The GRE Issue Essay provides a brief quotation on an issue of general interest and asks you to evaluate the issue according to specific instructions. You must then support one side of the issue and develop an argument to support your side.
Yes, you will be making an argument in this essay, but don't confuse it with the GRE Argument Essay, in which you'll poke holes in another author's argument. Here, the focus is on supporting the issue. Think of it like this: In the GRE Issue Essay, you'll develop your own argument with respect to one side of an issue.
Or, as GRE testmaker Educational Testing Service (ETS) puts it, you'll be "required to evaluate the issue, consider its complexities, and develop an argument with reasons and examples to support your views.”
However you choose to look at it, one thing is certain: the better organized your essay, the clearer it will be to the grader, and the higher it will score.
How to structure the GRE Issue Essay
The GRE Issue Essay is similar in structure to the classic five-paragraph short essay. You may opt for four to six paragraphs, but the template we walk you through plans for the classic five.
Here's how to put it to use.
Although the grader will have access to the specific assignment you received, your essay should stand on its own, making clear the assignment you were given and your response to it.
Start with a sentence that clearly restates the issue you were assigned, followed by a sentence with your position on that assignment—your thesis. Next, introduce the specific reasons or examples you plan to provide in each of the next three paragraphs: one sentence for each of the forthcoming paragraphs.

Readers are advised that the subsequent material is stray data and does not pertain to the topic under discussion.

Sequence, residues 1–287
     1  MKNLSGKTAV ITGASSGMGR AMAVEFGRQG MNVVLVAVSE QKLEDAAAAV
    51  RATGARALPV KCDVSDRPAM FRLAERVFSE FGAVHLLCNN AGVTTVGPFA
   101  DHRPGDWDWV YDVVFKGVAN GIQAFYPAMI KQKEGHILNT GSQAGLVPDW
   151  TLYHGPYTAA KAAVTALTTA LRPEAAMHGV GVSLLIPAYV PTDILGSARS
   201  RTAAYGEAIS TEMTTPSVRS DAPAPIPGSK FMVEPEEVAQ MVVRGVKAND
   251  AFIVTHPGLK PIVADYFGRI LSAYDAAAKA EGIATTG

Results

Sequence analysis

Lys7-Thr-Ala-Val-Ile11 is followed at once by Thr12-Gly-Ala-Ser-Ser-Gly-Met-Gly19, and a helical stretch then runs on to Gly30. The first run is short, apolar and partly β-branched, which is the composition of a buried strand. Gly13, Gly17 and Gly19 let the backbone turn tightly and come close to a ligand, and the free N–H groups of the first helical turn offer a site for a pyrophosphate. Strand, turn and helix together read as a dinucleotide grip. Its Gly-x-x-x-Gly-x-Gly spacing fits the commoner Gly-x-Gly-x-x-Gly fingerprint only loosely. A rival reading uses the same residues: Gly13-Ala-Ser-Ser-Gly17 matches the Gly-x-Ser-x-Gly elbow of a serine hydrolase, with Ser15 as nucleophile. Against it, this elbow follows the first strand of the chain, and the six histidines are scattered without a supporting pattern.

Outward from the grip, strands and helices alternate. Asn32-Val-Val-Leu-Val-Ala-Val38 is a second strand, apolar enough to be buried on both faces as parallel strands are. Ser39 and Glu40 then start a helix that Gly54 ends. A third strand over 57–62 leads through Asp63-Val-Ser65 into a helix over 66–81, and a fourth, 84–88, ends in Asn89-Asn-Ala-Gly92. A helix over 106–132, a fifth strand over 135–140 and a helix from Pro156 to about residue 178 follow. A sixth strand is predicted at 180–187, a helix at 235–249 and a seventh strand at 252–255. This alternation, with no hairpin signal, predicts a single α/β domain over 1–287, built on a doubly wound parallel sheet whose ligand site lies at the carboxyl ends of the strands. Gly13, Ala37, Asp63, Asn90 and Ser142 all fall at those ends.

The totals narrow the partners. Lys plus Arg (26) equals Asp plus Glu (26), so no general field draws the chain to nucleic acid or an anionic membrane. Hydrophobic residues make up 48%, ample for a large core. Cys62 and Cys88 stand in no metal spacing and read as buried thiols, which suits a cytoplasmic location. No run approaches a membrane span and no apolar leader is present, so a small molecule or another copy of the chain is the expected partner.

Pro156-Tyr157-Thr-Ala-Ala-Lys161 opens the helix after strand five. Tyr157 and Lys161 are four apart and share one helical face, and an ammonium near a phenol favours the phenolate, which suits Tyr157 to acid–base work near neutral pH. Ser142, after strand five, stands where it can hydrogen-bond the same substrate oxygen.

It is key that you consider exactly what's being asked of you in the assignment, and make sure the language you use in your intro paragraph demonstrates that you understand the specific instructions for that assignment. For instance, if the task tells you to “address the most compelling reasons and/or examples that could be used to challenge your position,” you will need to show at least two strong reasons or examples that the opposing side could use—and then explain why those reasons or examples are incorrect.
Structure your first paragraph in this way, and you’re well on your way to effectively indicating that you understand the assignment, are organized, have considered the complexities of the issue, and can effectively use standard written English—all components of a strong essay that's destined for a great score.
Each of your body paragraphs should do three things:
- introduce one of your examples
- explain how that example relates to the topic
- show how the example fully supports your thesis
You should spend the majority of each body paragraph on the third step: showing how it fully supports your thesis.
Also check out 6 Tips for Crafting A High-Scoring GRE Argument Essay
The “Analyze an Issue” essay is one of two writing tasks on the GRE’s Analytical Writing Measure. This task assesses your ability to think critically about a topic and form a persuasive argument in support of your position.
You’ll be presented with a statement, recommendation, claim, or policy that can be discussed from a variety of perspectives. After considering several points of view, you must craft a clear and compelling case for your own position on the issue.